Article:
Organizational data is usually stored in databases where it is protected using firewalls and other intrusion detection mechanisms. In a harmless world, this data can only be accessed by authorized users through a specific application. However, these applications could also serve as a gateway to attacks if they accept and execute user input without sanitizing it. In fact, most web application vulnerabilities such as XPath and SQL injections are related to input validation. This article will walk you through LDAP injection, a type of attack used to exploit applications that rely on user input to construct LDAP statements. Here, LDAP statements can be modified using a local proxy if the application does not sanitize input properly.
So before diving into more details, here’s a refresher on LDAP:
The Lightweight Active Directory Protocol (LDAP) is a service and protocol used to access and maintain directory services in IP servers. LDAP works on a client-server model, so other than providing access to a directory database, it can be used for authentication, resource management, and privileges management. Some widely used LDAP services include the Microsoft Active Directory and the OpenLDAP.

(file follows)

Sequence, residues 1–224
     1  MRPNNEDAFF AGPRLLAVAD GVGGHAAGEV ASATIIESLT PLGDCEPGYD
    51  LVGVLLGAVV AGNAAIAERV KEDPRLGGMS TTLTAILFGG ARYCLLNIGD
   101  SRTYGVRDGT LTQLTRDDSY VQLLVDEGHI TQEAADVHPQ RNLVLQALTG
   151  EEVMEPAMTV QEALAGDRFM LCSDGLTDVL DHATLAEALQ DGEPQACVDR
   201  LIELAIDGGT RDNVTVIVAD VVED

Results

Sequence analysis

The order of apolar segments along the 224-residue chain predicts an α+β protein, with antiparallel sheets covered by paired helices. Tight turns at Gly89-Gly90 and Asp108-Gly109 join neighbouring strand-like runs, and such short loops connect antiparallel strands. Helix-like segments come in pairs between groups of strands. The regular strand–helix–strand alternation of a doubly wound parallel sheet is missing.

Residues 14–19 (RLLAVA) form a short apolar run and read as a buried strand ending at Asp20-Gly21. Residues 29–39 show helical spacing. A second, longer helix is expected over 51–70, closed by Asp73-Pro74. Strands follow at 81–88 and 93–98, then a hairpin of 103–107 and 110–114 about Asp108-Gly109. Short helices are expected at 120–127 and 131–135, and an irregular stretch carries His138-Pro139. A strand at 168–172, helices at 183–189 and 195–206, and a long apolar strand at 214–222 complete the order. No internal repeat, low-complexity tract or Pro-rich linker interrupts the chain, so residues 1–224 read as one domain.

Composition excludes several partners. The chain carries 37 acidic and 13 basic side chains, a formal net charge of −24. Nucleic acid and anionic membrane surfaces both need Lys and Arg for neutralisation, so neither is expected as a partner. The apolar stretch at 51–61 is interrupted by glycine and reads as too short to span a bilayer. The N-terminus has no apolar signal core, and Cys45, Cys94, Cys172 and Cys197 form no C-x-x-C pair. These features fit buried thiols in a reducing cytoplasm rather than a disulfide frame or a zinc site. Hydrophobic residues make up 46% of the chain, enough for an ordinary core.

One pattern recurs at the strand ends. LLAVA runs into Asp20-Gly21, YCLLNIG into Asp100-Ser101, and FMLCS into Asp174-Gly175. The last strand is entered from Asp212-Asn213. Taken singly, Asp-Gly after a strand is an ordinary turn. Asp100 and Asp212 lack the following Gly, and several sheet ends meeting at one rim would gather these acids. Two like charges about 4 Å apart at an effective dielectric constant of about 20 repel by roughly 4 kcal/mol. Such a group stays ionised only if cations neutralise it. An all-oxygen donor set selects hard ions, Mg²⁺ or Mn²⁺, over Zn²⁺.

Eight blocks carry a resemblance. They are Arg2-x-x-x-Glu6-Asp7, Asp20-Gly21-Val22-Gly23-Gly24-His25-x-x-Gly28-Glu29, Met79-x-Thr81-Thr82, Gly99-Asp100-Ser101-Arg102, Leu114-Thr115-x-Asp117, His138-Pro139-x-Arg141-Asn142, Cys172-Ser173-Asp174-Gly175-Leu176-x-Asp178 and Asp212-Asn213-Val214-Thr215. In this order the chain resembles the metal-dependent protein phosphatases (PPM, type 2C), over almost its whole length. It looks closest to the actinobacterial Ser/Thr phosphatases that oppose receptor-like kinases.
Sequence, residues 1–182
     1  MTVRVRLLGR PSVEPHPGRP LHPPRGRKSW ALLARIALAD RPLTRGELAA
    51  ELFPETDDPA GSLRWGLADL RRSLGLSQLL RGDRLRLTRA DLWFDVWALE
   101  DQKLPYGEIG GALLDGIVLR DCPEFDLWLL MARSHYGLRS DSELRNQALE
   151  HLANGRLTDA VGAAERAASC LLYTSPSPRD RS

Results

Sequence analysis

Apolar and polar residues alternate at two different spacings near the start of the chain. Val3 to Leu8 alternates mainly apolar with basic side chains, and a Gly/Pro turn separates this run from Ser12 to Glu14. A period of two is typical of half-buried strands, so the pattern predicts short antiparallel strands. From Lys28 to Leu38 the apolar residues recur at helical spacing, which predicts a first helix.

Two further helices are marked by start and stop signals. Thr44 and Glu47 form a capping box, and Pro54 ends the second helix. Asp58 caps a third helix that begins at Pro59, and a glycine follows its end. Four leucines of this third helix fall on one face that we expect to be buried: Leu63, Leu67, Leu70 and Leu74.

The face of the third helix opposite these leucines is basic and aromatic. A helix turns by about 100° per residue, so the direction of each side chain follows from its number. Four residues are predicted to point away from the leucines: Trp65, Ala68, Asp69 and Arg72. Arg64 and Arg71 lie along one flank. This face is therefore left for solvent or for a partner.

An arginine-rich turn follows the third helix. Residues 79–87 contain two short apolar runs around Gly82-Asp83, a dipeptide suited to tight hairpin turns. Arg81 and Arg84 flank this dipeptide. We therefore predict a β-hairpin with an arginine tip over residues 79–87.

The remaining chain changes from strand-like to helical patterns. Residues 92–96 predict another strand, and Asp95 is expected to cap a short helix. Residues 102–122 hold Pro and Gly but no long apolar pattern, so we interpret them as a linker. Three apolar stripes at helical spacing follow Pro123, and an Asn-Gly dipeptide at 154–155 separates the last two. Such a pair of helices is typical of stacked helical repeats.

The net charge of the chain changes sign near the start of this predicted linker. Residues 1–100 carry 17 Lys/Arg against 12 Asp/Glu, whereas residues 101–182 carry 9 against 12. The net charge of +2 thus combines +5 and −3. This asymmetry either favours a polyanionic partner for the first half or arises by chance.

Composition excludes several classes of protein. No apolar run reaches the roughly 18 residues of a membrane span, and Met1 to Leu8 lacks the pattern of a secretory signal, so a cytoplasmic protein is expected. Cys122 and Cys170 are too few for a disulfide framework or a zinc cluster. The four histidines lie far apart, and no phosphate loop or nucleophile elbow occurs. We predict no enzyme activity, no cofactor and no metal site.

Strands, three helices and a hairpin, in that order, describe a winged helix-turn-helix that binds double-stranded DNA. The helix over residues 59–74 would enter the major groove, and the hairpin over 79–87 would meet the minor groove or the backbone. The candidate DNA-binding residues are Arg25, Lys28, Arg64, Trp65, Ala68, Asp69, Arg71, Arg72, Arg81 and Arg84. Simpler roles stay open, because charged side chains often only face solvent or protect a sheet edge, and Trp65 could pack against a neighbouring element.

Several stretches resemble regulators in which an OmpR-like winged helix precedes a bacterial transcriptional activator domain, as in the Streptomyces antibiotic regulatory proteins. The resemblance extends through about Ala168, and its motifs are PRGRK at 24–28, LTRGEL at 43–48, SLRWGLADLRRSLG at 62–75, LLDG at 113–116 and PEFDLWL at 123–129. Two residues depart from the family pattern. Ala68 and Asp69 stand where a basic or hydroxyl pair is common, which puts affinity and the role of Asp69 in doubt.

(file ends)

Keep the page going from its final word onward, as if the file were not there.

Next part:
Typically, LDAP is object-oriented, so every entry to the directory service represents an object instance, which should correspond to all rules attached to the object’s attributes. The system should sanitize all user-supplied input to ensure LDAP statements are constructed correctly.